When all had signified their approbation of this opinion, and after the crowd had been removed by the magistrates from the forum, and the senators had proceeded in different directions to allay the tumult;
then at length a letter is brought from the consul Terentius, stating, “That Lucius Aemilius, the consul, and his army were slain; that he himself was at Canusium, collecting, as it were after a shipwreck, the remains of this great disaster; that he had nearly ten thousand irregular and unorganized troops.
That the Carthaginian was sitting still at Cannae, bargaining about the price of the captives and the other booty, neither with the spirit of a conqueror nor in the style of a great general.”
Then also the losses of private families were made known throughout the several houses; and so completely was the whole city filled with grief, that the anniversary sacred rite of Ceres was intermitted, because it was neither allowable to perform it while in mourning, nor was there at that juncture a single matron who was not in mourning.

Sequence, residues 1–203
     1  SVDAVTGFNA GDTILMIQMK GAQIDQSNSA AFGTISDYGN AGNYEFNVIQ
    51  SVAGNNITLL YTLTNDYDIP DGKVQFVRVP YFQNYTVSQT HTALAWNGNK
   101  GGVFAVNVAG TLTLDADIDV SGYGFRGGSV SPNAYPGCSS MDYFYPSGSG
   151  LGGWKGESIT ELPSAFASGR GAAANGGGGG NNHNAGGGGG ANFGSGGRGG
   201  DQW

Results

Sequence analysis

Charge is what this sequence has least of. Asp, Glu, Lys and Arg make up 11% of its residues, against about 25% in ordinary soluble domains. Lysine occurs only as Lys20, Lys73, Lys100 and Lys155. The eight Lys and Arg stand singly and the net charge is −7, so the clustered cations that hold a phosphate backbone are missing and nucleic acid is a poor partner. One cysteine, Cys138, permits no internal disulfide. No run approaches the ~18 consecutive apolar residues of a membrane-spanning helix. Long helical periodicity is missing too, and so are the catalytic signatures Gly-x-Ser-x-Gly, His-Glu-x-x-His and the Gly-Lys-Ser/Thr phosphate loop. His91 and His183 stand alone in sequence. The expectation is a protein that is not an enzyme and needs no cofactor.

Accordingly, lest the same cause should occasion the neglect of other public and private sacred rites, the mourning was limited to thirty days, by a decree of the senate.
Now when the tumult in the city was allayed, an additional letter was brought from Sicily, from Titus Otacilius, the proprietor, stating, “that the kingdom of Hiero was being devastated by the Carthaginian fleet:
and that, being desirous of affording him the assistance he implored, he received intelligence that another Carthaginian fleet was stationed at the Aegates, equipped and prepared; in order that when the Carthaginians had perceived that he was gone away to protect the coast of Syracuse, they might im- [p. 826]
mediately attack Lilybaeum and other parts of the Roman province;
that he therefore needed a fleet, if they wished him to protect the king their ally, and Sicily.”